3. I’ve lost interest in it. Part of it has to do with the fact that really….do people really care that much about what I do everyday? Should they? Am I doing this to make friends like me more? Am I feeding my own narcissistic tendencies? I believe that I have done so and for quite some time. The epiphany came when I started “unfollowing” a few friends, not because of the content they post…but because of the frequency of which they post. Some were posting 20 – 30 times a day…and that’s a bit much….and then i realized that I have, for the most part, done the same thing. I don’t want to be that guy. Although I am sorta doing that right now on your blog….so I still need to work on that.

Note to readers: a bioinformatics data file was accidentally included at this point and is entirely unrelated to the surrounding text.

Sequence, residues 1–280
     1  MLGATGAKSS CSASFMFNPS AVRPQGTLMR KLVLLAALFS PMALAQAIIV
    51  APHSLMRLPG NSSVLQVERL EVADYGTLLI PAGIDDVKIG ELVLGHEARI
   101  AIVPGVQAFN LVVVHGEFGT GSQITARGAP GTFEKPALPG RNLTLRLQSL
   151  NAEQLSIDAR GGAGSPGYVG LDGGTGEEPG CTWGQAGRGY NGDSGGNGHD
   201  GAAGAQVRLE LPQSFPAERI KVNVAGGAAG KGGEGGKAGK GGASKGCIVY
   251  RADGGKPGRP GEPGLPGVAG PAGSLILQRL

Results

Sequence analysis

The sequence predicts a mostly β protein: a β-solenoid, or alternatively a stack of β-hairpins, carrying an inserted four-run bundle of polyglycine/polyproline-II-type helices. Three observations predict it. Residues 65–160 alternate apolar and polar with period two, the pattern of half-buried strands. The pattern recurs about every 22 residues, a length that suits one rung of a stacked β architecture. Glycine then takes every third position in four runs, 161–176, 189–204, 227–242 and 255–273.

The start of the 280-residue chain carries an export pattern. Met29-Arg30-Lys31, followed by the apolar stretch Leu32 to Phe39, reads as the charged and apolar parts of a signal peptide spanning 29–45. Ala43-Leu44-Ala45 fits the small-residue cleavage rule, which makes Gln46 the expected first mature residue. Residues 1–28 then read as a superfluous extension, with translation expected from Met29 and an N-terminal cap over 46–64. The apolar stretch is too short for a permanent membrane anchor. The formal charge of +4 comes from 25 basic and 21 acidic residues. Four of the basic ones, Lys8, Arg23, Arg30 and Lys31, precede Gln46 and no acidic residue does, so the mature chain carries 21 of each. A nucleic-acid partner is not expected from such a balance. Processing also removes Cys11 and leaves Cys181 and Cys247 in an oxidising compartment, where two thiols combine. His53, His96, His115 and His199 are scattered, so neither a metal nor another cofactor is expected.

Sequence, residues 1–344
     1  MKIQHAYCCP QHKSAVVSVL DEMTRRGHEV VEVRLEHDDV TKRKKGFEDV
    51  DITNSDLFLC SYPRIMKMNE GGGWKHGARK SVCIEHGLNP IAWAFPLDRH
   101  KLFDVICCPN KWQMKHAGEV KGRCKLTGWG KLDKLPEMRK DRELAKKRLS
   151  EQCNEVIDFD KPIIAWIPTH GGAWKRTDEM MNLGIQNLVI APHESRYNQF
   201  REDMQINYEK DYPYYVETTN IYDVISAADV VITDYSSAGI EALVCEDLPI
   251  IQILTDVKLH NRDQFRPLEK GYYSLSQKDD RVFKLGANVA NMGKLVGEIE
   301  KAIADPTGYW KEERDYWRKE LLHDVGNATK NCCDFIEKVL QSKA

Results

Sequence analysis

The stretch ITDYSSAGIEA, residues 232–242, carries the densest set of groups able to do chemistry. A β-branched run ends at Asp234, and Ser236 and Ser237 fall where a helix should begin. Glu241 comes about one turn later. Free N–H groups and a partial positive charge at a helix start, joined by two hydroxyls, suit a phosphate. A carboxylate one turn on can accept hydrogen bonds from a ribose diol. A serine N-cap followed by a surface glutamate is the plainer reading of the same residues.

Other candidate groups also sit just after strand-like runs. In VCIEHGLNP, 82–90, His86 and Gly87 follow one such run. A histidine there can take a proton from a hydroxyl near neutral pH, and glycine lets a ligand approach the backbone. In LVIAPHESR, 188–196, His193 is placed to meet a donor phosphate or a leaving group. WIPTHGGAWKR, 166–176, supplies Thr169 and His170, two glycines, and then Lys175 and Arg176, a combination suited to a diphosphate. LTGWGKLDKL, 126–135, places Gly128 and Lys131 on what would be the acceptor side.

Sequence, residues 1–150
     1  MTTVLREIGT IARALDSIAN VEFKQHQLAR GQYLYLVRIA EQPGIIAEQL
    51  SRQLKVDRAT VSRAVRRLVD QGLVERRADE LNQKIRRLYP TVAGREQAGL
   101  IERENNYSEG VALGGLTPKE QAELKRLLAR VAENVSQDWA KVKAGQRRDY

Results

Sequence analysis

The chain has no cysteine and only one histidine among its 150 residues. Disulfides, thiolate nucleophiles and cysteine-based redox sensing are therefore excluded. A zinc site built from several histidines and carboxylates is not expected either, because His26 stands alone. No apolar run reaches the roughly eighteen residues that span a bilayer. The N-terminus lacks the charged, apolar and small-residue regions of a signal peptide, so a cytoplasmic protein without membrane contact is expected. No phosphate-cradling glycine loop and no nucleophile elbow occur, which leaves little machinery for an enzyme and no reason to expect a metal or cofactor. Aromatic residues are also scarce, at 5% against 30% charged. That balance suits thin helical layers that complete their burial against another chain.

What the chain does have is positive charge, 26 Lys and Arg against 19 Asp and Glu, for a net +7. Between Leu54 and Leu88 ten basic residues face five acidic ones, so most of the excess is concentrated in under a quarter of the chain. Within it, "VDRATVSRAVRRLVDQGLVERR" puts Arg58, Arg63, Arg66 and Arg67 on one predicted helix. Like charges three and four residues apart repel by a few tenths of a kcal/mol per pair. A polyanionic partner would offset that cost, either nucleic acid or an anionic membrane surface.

4. For me, Facebook has served to divide rather than unite…and I, along with millions of others, played a role in that division….and it seems fitting to quote the 80’s movie “WarGames” (fitting since we’re talking algoritms and learning AI here) when at the end of the movie, JOSHUA declares, “Interesting game. The only way to win is not to play.” Especially if I have nothing to gain in continuing to stay on. Facebook was fun for me…now it’s not.

    There is nothing noble about removing myself from a toxic environment that I helped create. I suppose I *could* be part of the solution…but I’m not out to change world anymore….I just want to live in it with a little noise as possible.

    Sorry (not sorry) for long-winded rebuttal….but did want to clarify my intentions since you tagged me on the post.